Bruising Excessively

I've been getting a lot of bruises on my arms, legs, and feet. What could be the cause?

Most bruising is not indicative of a serious problem. If the bruises are on the limbs and are less than 3 cm in diameter, they are likely to be the harmless variety. These are usually due to injuries that are not recalled. Common drugs can also increase bruising. These include aspirin, ibuprofen and other non-steroidal anti-inflammatories, some antibiotics, and alcohol. Many prescription drugs can also increase bruising, so it always helps to ask the doctor who prescribed a medication, if bruising is a side effects before looking further.

If bruises are larger or are appearing without apparent cause on the trunk of the body, then they need to be looked into more. When bruising is brief and superficial and is spontaneous or after a trauma, the cause tends to be a dysfunction or the platelets (a blood product that actual does the clotting) or fragile blood vessels. When bleeding is into deep tissue and prolonged, it suggests a problem in one of the more basic blood clotting factors.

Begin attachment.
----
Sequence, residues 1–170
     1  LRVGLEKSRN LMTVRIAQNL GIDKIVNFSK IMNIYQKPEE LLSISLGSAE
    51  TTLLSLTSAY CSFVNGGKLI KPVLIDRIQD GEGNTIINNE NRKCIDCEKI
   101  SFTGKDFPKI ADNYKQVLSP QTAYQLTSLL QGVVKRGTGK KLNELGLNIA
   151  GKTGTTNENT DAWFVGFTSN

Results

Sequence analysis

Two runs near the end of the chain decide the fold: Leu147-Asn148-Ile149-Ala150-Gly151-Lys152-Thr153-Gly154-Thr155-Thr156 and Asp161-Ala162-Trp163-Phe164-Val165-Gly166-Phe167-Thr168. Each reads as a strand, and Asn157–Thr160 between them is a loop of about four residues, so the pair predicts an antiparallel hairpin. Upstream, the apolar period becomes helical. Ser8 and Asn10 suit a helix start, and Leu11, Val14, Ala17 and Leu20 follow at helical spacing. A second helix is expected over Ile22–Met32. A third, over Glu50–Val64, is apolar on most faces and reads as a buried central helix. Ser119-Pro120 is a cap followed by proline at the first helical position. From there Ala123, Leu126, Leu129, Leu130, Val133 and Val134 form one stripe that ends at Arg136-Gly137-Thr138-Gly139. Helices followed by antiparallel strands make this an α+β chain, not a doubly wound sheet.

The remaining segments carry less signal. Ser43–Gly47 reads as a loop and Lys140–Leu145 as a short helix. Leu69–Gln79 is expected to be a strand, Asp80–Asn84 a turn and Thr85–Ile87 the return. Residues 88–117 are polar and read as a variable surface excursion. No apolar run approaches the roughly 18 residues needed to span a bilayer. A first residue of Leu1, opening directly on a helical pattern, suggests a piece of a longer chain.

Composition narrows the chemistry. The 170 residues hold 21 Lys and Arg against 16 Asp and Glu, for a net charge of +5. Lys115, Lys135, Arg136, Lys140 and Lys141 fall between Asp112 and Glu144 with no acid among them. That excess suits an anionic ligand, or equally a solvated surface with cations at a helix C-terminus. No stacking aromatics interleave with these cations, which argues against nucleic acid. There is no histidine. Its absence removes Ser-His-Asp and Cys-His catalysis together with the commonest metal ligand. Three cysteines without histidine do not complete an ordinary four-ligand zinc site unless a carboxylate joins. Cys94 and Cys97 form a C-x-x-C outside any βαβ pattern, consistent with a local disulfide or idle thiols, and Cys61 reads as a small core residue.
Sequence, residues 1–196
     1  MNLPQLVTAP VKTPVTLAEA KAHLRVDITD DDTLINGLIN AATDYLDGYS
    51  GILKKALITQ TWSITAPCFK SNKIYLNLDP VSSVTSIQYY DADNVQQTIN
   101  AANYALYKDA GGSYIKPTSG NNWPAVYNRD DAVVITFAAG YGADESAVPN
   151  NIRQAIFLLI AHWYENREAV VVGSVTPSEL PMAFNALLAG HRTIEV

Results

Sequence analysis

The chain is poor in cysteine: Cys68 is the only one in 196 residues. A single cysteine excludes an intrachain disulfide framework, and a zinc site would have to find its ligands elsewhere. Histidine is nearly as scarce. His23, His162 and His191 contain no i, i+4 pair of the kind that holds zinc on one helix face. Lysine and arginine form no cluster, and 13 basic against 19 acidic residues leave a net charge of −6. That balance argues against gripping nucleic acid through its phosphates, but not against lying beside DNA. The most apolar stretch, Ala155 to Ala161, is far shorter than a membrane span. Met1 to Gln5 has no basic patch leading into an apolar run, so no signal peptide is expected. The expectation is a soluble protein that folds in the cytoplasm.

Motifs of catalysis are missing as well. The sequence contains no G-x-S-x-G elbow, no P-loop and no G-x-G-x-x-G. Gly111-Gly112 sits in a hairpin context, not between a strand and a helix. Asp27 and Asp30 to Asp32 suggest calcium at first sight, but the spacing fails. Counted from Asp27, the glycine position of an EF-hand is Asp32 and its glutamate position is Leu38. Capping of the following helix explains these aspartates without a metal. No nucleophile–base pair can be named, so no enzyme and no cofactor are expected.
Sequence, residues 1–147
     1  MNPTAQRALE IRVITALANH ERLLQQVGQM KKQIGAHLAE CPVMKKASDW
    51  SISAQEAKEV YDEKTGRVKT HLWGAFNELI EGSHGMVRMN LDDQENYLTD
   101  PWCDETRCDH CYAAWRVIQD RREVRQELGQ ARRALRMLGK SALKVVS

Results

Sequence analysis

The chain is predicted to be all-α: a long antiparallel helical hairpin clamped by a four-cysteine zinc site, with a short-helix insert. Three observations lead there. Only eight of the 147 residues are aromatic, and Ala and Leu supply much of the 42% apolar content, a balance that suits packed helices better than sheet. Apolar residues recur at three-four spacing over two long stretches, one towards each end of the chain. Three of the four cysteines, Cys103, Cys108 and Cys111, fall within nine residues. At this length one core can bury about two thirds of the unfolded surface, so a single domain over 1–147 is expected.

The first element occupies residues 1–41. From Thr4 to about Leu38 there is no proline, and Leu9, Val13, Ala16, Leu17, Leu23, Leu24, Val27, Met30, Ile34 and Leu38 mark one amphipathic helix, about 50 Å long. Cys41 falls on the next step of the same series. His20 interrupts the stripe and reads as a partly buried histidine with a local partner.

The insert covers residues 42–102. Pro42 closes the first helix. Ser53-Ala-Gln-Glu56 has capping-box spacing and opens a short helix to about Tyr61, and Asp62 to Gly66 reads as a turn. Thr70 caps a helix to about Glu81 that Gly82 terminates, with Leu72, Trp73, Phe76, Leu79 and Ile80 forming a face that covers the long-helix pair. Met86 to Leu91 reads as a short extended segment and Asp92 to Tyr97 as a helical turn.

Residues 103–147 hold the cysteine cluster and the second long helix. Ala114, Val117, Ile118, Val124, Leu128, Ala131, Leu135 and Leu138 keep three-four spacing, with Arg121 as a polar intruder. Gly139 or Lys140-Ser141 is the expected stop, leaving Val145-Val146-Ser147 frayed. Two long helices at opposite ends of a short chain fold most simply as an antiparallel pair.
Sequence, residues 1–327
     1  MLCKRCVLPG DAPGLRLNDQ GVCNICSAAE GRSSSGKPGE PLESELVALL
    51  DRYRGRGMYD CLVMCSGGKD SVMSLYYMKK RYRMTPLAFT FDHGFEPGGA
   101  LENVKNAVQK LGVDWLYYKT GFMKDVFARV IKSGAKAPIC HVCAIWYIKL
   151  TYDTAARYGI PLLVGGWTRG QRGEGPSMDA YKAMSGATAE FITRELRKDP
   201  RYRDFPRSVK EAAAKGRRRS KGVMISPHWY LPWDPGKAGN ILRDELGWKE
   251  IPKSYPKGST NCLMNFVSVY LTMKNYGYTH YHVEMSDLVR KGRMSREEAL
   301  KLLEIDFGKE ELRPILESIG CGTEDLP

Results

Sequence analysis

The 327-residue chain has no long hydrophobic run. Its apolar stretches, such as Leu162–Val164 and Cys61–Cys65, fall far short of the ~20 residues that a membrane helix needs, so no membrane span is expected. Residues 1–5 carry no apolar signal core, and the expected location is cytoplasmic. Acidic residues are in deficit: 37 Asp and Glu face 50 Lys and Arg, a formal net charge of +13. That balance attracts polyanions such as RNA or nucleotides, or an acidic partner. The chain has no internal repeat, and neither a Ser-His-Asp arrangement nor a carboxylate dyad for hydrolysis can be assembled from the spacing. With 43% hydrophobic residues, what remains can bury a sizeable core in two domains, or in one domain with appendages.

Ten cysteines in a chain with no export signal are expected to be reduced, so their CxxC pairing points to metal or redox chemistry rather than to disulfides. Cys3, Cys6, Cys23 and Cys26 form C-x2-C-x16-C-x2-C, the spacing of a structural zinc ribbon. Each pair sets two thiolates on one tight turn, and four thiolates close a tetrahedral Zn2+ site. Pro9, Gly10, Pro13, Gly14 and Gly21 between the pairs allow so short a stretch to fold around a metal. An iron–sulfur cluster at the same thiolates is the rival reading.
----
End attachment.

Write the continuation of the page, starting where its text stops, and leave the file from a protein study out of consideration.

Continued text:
Evaluation of bleeding problems will include a complete history of the family, medications, and other illnesses that might cause the bleeding. Bruises will be examined for their location, size, and whether or not they blanch with pressure. The rest of the physical will look for bleeding of the mouth, rectum, and vagina--areas which bleed easily, so they will almost certainly show signs if there is a major bleeding problem. Joints and limbs, liver and spleen will also be examined. Lab tests will be taken to first evaluate the general clotting abilities of the blood and later will be more specific as warranted. In fact, how long it takes your arm to stop bleeding after the blood in drawn is a clue itself.

The potential causes of bleeding problems are many. Still, almost all can be successfully treated.

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